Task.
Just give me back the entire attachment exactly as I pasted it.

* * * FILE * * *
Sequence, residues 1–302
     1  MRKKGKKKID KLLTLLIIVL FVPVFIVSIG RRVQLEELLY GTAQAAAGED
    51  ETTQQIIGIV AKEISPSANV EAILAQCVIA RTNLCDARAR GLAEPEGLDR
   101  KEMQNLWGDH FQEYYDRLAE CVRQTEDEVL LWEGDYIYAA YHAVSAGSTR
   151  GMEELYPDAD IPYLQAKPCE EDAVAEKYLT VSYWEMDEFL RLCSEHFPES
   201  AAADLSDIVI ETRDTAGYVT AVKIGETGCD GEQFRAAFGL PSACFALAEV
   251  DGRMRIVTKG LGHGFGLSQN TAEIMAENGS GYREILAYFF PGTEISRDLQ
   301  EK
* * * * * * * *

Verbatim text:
Sequence, residues 1–302
     1  MRKKGKKKID KLLTLLIIVL FVPVFIVSIG RRVQLEELLY GTAQAAAGED
    51  ETTQQIIGIV AKEISPSANV EAILAQCVIA RTNLCDARAR GLAEPEGLDR
   101  KEMQNLWGDH FQEYYDRLAE CVRQTEDEVL LWEGDYIYAA YHAVSAGSTR
   151  GMEELYPDAD IPYLQAKPCE EDAVAEKYLT VSYWEMDEFL RLCSEHFPES
   201  AAADLSDIVI ETRDTAGYVT AVKIGETGCD GEQFRAAFGL PSACFALAEV
   251  DGRMRIVTKG LGHGFGLSQN TAEIMAENGS GYREILAYFF PGTEISRDLQ
   301  EK